The livelihoods of rice farmers in Region Five (Mahaica-Berbice) remain under threat as
Region Five Regional Chairman Vickchand Ramphal
much needed water has not yet reached many farmlands.
In an interview with this publication on Wednesday, Region Five’s Regional Chairman Vickchand Ramphal said that the project to provide relief is not being properly supervised by the Mahaica Mahaicony Abary-Agricultural Development Authority (MMA-ADA).
“MMA is not managing and supervising the structure properly so all the farmers can get water,” Ramphal emphasised.
He also noted that much of the rice crops have withered and are burnt, as many of the farmers who are closer to the front of the canal are still preventing those further away from garnering the necessary water supply to save their acreages.
“There are some farmers who are bullying the system and are not allowing other farmers to get water,” the Regional Chairman pointed out. He related that the Regional Democratic Council (RDC) is still in “constant contact” with the Agriculture Ministry’s agency to highlight the plight of the rice farmers.
In February, there were reports that farmers in areas closer to the main canal were blocking the water flow to allow more water to enter their fields, an activity which caused farmlands further away to be deprived of the necessary water supply.
The MMA-ADA then implemented a system where farmers would be allowed to pump water for two days and also issued warnings to ensure that farmers allowed water in the canals to flow freely. However, some farmers continued to hoard water for their lands.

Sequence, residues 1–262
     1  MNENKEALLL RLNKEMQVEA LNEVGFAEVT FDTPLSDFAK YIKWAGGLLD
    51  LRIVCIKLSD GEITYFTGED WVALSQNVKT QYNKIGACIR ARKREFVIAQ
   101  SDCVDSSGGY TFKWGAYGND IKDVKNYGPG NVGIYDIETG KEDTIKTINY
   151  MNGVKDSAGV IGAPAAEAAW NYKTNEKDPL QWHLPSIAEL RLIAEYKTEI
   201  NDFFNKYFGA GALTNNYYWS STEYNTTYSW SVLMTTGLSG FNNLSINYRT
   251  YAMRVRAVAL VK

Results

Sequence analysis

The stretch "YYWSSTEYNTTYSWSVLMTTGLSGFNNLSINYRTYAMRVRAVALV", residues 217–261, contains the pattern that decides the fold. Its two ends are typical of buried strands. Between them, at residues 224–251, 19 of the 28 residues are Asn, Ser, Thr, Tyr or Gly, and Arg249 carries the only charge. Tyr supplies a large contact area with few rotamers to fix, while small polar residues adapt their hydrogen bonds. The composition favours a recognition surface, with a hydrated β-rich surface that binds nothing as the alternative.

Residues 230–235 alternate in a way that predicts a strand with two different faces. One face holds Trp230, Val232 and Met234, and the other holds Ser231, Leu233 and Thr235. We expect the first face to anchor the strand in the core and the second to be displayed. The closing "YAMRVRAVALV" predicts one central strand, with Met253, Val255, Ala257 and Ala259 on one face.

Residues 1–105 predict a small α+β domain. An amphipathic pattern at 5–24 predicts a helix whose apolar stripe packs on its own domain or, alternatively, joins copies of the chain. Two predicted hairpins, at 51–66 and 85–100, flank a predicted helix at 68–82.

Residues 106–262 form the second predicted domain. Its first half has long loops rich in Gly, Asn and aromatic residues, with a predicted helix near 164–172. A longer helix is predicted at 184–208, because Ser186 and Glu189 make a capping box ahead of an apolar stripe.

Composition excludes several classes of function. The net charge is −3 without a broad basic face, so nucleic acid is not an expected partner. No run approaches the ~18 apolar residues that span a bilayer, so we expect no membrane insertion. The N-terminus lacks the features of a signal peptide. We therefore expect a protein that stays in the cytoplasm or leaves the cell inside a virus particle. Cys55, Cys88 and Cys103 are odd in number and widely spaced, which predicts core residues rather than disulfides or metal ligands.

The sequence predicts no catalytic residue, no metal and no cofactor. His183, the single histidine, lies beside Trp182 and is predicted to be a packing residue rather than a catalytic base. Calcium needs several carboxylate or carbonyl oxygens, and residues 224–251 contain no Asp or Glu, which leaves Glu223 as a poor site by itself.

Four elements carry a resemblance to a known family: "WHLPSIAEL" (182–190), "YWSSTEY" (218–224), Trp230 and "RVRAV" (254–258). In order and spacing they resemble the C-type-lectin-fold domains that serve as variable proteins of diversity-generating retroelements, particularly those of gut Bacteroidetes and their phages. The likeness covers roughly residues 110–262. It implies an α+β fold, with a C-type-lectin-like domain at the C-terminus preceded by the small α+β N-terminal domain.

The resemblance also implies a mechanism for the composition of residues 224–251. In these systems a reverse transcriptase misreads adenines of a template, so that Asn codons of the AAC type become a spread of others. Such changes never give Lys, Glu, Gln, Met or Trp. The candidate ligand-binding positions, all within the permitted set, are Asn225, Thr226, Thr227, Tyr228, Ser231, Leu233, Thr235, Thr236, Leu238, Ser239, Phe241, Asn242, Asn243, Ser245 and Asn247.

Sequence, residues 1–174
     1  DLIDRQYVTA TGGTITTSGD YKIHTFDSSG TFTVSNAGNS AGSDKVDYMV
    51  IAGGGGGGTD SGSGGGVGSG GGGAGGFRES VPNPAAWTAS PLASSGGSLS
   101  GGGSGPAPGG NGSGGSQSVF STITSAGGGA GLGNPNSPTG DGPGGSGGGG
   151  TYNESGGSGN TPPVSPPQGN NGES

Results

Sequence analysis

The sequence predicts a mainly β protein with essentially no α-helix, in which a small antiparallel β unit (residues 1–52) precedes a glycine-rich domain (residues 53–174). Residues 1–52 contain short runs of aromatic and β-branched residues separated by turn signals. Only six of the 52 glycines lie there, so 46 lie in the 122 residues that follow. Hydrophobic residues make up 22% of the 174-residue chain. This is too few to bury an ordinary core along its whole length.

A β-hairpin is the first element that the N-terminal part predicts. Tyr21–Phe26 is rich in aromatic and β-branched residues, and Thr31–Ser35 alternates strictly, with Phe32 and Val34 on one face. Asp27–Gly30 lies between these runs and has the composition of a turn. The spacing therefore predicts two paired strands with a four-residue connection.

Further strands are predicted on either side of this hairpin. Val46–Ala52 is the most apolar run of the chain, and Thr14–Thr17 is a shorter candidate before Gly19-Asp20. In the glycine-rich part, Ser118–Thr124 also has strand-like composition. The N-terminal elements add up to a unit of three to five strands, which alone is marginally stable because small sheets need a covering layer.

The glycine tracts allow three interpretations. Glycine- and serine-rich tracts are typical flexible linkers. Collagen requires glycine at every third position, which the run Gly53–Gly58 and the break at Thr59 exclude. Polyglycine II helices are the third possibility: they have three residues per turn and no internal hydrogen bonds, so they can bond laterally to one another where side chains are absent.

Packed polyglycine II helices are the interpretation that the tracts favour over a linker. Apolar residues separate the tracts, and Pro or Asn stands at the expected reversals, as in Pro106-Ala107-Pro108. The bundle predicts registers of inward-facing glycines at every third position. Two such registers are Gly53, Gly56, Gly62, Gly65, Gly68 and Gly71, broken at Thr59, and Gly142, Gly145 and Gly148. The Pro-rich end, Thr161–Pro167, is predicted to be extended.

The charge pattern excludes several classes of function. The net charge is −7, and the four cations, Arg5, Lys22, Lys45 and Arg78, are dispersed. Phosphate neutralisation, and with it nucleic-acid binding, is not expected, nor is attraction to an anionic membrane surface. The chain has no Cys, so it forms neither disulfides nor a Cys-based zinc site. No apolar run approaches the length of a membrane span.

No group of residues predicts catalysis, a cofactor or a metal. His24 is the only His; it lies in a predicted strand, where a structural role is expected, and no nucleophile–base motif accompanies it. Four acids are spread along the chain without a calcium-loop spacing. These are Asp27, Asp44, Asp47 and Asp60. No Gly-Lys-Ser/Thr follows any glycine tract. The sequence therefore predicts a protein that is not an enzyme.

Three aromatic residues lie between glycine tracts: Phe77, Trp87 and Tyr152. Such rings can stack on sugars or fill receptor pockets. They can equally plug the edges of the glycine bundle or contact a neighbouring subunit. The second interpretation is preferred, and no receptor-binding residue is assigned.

The Region Five Chairman told Guyana Times on February 23 that he had encouraged farmers to cooperate so that there is equitable distribution of water into the farmlands. Ramphal had related that in his engagement with the Agriculture Ministry, he suggested that in addition to the two pumps that are in operation, two others would be needed to ensure that there is an adequate supply of water to the affected farmers.
Ramphal also explained in January that the dry weather patterns had made the availability of fresh water scarce and stated that the Kaliserabo canal, a main source, was “clogged with weeds.” While an excavator was at that time deployed to remedy this situation, Ramphal opined that excavation of the said canal would have taken several months to complete.
Rice cultivation is the main economic activity in the Mahaicony/Mahaica area and farmers have already expended millions to bring their crop to the present stage. The current crisis continues to threaten over 17,000 acres under cultivation. The continued dry conditions are attributed to the El Niño weather phenomenon.